The Loner Manifesto
The Anatomy of Individualism
by Jason Crumer (e-mail: firstname.lastname@example.org)
Modern culture brings us many comforts and conveniences. We have insulated homes wired with phones and television. We have cars and public transportation. We have an abundance of food stores and restaurants. We have public education and a lot of colleges to choose from. We have institutions that offer us opportunities for both personal and professional advancement. But all these cultural advantages come at a price.
The price of admittance is a certain amount of conformity. Our education system gives us standardized tests to make sure we learn a set number of variables. It also serves as the social structure where young people first find or lose acceptance outside their families. High school and college continue to add demands on whom we are and what we know in order to be fully admitted into the culture. And the work place has its own demands on what we are in order to be "successful." Sure many different people are involved in the process, but a certain amount of homogenization takes place. Even if the homogenization doesn't take root inside us, it is required to at least look as if we have conformed. What we wear, when and with whom. What we say, and how we say it. What we do, and for whom. Each of these things is important if we desire the benefits of the culture.
But in conforming in order to obtain the benefits the culture has to offer, we often lose the ability to interpret one of the most fundamental needs of human existence: when someone really loves and accepts us for who we are.
If we become, or at least look like we've become, an integral part of the culture, we will find acceptance. But since that acceptance is based solely on how well we've modified our appearance, we cannot know for sure if people love and accept us for what we are inside or for what we've learned how to show on the outside. Finding someone, a best friend, family member or lover, who will take the time and the risk to find out who we really are, becomes one of our major objectives. As our culture becomes more mobile and more demanding, this becomes increasingly difficult. One need only stay up and watch late-night television with all its moronic but successful "love lines" to see just how completely intense the search for acceptance has become.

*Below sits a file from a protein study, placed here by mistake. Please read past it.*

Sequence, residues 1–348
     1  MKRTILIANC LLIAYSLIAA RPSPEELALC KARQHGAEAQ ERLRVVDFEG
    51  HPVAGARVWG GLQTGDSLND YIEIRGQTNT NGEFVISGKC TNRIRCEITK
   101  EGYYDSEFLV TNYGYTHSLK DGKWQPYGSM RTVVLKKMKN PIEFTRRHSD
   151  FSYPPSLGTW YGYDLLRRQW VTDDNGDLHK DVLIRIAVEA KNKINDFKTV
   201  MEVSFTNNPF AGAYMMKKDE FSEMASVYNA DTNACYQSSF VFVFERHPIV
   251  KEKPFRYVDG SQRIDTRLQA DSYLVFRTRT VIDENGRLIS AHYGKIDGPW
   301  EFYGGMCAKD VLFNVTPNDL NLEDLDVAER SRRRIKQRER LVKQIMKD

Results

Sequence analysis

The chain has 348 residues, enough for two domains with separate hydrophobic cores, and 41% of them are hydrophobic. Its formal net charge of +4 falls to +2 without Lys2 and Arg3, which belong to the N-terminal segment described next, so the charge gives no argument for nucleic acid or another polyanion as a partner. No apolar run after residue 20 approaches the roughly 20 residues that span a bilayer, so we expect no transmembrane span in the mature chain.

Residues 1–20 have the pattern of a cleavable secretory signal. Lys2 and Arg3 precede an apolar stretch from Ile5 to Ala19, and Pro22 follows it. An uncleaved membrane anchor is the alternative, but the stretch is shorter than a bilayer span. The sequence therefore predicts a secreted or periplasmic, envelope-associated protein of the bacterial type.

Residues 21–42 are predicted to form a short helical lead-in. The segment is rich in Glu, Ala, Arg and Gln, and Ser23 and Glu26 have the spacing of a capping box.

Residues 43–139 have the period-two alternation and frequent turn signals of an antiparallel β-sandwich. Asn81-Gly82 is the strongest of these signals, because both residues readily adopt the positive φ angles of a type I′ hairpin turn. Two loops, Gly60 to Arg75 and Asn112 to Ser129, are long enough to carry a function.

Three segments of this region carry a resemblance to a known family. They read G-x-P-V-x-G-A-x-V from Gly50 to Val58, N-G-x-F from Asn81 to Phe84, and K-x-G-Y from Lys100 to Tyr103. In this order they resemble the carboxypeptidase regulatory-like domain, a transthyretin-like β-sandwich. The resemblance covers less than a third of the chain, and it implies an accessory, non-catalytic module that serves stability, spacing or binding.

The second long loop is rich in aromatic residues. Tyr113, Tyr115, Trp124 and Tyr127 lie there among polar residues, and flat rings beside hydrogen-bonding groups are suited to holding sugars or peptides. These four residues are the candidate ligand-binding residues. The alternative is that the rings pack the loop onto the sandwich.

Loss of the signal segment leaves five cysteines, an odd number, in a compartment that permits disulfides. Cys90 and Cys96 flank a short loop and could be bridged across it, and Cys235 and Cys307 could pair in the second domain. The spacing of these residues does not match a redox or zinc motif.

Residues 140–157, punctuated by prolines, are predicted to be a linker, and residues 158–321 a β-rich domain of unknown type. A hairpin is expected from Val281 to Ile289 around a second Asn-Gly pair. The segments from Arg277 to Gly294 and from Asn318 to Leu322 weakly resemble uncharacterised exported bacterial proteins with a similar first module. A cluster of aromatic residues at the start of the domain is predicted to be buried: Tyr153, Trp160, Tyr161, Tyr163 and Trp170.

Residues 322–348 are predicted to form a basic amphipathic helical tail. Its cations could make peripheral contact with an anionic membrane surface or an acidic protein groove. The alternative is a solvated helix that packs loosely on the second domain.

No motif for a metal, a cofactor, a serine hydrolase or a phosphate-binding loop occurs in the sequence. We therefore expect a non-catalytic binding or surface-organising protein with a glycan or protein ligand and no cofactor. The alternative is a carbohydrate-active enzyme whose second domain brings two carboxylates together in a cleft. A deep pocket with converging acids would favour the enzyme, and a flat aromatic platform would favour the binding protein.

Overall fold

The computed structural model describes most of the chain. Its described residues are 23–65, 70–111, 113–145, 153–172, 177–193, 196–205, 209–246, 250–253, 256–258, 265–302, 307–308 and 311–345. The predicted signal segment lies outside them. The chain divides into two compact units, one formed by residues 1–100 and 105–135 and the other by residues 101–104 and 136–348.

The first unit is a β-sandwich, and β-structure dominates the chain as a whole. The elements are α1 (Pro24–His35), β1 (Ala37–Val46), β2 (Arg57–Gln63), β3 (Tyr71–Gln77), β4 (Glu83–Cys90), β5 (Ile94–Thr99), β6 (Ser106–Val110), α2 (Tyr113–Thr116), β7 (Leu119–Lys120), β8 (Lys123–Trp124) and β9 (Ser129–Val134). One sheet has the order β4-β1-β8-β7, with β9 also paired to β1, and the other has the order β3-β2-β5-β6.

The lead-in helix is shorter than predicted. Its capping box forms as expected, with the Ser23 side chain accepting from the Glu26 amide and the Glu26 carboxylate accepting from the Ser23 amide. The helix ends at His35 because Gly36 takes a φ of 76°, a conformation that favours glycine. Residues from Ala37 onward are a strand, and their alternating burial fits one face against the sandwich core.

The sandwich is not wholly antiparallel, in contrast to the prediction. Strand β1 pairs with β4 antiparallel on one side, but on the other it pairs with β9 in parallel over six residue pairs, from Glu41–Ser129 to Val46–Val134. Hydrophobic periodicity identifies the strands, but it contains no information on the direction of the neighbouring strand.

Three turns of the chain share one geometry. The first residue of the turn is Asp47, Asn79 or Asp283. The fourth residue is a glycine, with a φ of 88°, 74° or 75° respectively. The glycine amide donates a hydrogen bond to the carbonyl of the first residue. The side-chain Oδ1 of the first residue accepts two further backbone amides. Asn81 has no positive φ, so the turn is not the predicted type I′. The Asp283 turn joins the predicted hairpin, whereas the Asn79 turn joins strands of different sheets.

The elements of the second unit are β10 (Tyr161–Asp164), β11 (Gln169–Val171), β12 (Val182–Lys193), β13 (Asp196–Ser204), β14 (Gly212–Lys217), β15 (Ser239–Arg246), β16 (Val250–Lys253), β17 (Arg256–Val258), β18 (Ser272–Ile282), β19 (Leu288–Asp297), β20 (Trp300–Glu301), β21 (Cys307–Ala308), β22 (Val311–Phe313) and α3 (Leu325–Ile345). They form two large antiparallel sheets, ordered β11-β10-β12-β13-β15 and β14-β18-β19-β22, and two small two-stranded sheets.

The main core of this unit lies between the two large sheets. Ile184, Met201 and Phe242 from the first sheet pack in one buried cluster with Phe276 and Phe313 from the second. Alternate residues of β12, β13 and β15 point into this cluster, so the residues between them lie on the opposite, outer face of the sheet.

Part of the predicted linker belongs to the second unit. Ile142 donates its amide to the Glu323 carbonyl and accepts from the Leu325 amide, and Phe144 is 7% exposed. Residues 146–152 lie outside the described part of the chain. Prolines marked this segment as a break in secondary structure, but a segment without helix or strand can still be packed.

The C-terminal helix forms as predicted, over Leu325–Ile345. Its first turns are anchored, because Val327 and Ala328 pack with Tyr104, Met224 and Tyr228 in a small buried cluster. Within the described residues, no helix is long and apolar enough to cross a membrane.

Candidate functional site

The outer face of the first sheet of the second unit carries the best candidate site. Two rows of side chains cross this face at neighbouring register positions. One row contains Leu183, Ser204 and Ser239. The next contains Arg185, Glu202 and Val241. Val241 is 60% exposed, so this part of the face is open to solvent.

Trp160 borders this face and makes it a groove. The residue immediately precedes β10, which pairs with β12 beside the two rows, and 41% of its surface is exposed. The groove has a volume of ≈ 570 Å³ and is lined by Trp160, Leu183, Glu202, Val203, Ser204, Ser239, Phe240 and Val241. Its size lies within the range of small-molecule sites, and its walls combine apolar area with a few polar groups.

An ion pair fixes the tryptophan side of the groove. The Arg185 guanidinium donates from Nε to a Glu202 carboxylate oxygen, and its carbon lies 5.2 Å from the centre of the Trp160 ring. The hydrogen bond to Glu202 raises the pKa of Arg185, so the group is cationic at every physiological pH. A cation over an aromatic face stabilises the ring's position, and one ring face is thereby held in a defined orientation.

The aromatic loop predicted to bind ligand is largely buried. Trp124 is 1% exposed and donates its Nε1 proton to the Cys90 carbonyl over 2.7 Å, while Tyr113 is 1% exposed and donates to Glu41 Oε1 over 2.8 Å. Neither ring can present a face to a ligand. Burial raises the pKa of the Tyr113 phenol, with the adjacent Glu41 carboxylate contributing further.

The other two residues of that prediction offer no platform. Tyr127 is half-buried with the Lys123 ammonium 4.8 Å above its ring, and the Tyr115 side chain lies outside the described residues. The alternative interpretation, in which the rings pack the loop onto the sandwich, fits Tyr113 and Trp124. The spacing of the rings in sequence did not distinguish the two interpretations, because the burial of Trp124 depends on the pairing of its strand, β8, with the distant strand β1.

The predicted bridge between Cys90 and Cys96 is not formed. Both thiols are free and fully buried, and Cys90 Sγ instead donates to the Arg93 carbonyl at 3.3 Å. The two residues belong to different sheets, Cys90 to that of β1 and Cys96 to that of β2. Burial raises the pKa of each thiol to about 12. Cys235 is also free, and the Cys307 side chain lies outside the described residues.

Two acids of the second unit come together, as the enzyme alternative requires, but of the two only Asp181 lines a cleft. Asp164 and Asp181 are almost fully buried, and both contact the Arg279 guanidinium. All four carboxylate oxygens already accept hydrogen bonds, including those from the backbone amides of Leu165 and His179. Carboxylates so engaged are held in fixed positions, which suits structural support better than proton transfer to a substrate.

It is, ironically, in this search for love and acceptance that loners find their birth. They have hit upon a simple and almost foolproof way to delineate between cultural acceptance and personal acceptance. They have blatantly and forcefully rejected the culture. They, unlike many counter-cultures and the like, do what they do not to offend the sensible, but to reject the mono. To the eyes of some yuppie fucks they appear reprehensible, but a true loner is a hero. Loners are saviors of culture. They are saviors of a true culture that lasts, not plastic cup culture or disposable Americana. They develop their own way, and subsequently with their politics, their environment, and their art they make clear they do not and will not fit in the dominant culture. They get a lot of rejection, but they know it's from people who would only accept them on a cultural basis. And when others do continue to love and accept them, they know it is not a cultural acceptance but a personal one. The fact that you don't have to be at all like them to be their friend attests that they are not merely adding an alternate cultural norm to adopt in order to have value, but truly discovering themselves and their place.
Although you need not be a loner to be friends with one, it is quite understandable that people willing to subject themselves to massive rejection in order to have true acceptance by a few would naturally have much common ground for friendships. What many loners didn't get from the dominant culture, they are able to give and get from each other. Where the outside world offers false acceptance if they conform, their own loose-knit community of friends offers real acceptance regardless. This is why loners hang out with weird random people, not in pre-set social groups like so many others, where, even in counter-cultural circles, conformity is the key to success.
Minus standardized expectations, loners find a freedom to be themselves. You can be an atheist or a Christian. You can be political or not. You can be republican or democrat, a communist or anarchist. You can be in good shape or bad. You can do drugs or not. You can dance or not dance. You can be rich or poor, and it doesn't matter because those values are no longer the basis for acceptance.
This unusual form of community oriented non-community life that loners have developed does not make them immune from human failings. They fuck up as badly as the rest of us, and they also love and care as do the rest of us. They have all the same attributes of humanity as the businessperson, the homemaker, the college student and the retired person. But they also have a community in which they know they are accepted for who they feel they are rather than for what they're told to be. And they have found this to be worth the rejection they get from society by their refusal to play in what they see as a heartless game.
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